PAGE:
Climate Treaty Hinges on Obama — Speaking Out, Former Aides Say

Photograph by Mandel Ngan/AFP via Getty Images

President Barack Obama tours the Copper Mountain Solar Project, the largest photovoltaic plant operating in the country, on March 21, 2012 in Boulder City, Nevada.

Written with Alex Morales

One of the biggest things President Barack Obama can do to fight global warming is to talk about it.

That’s the conclusion of at least seven former presidential aides and advisers serving in three administrations. Their comments came as envoys from more than 190 countries at a United Nations conference in Doha took steps toward completing a treaty by 2015 that would limit fossil fuel emissions starting in 2020.

While Obama is succeeding in shaping the international response to the issue, he hasn’t said enough about it at home, said the officials, led by John Podesta, who oversaw Obama’s transition into office four years ago. Obama’s reticence may make it more difficult to persuade Congress and the public to favor an international deal toward the end of his second term.

“The president really has to start talking about climate change again,” Podesta said in an interview in Washington. “He  as to engage a national conversation, not just one White House meeting, but a big conversation.”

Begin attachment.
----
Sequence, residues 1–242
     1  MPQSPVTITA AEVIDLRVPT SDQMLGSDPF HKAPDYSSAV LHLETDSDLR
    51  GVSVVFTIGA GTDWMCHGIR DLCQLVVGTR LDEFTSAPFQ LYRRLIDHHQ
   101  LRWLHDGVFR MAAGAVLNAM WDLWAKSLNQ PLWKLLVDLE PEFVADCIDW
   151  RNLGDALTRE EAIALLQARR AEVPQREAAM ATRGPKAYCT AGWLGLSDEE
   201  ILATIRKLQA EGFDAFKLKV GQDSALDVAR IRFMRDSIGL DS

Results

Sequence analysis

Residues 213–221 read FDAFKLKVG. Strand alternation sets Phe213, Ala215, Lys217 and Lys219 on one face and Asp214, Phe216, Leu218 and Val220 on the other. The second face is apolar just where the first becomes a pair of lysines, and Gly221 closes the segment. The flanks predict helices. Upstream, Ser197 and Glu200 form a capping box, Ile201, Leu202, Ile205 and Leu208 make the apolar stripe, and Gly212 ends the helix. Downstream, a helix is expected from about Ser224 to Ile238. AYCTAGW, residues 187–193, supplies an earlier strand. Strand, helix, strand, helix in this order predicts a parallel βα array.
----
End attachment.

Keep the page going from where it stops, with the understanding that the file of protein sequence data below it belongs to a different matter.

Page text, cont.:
Obama’s re-election and what it means for global-warming policy was the biggest question at the UN talks, which concluded in Doha on Dec. 8. Ministers agreed to streamline their negotiations, focusing on the 2015 goal and reviving the push for a treaty that failed in 2009 in Copenhagen. They also renewed pollution limits under the Kyoto Protocol.

The U.S. joined in backing the consensus at the meeting, signaling its willingness to work toward a treaty that would bind all nations into mandatory cuts for fossil fuel emissions.

Obama can’t win Senate support for a treaty without making a public argument for it now, said Christine Todd Whitman, who was head of the Environmental Protection Agency from 2001 to 2003 under former President George W. Bush.

“That’s the only way it’s going to move forward, if Obama takes the lead and lays out to the American people the economic liability of not preparing for climate change,” Whitman said in an interview.

Rep. Edward Markey, a Massachusetts Democrat who co-authored economy-wide “cap-and-trade” legislation passed by the House in 2009, agrees.

“President Obama needs to talk about climate change and help the American public connect the dots between extreme weather, climate change, our energy policy and the progress we are already making on reducing emissions,” Markey said in an e-mailed response to questions. “The public will be more accepting of an international climate deal if they understand what we are already doing” to fight global warming.

See the full climate treaty report at

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